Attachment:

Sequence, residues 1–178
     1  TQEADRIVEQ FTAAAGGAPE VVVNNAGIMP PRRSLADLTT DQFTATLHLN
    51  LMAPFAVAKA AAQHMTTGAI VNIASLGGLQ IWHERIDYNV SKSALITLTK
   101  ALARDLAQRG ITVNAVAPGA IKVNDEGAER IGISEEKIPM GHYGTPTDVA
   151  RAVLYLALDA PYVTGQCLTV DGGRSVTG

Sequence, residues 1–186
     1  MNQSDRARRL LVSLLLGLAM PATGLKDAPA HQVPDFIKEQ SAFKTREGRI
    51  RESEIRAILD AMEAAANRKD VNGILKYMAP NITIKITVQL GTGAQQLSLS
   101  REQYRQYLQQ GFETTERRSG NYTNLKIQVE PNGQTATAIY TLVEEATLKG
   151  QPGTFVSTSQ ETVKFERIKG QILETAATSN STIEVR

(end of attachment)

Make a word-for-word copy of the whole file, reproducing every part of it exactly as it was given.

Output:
Sequence, residues 1–178
     1  TQEADRIVEQ FTAAAGGAPE VVVNNAGIMP PRRSLADLTT DQFTATLHLN
    51  LMAPFAVAKA AAQHMTTGAI VNIASLGGLQ IWHERIDYNV SKSALITLTK
   101  ALARDLAQRG ITVNAVAPGA IKVNDEGAER IGISEEKIPM GHYGTPTDVA
   151  RAVLYLALDA PYVTGQCLTV DGGRSVTG

Sequence, residues 1–186
     1  MNQSDRARRL LVSLLLGLAM PATGLKDAPA HQVPDFIKEQ SAFKTREGRI
    51  RESEIRAILD AMEAAANRKD VNGILKYMAP NITIKITVQL GTGAQQLSLS
   101  REQYRQYLQQ GFETTERRSG NYTNLKIQVE PNGQTATAIY TLVEEATLKG
   151  QPGTFVSTSQ ETVKFERIKG QILETAATSN STIEVR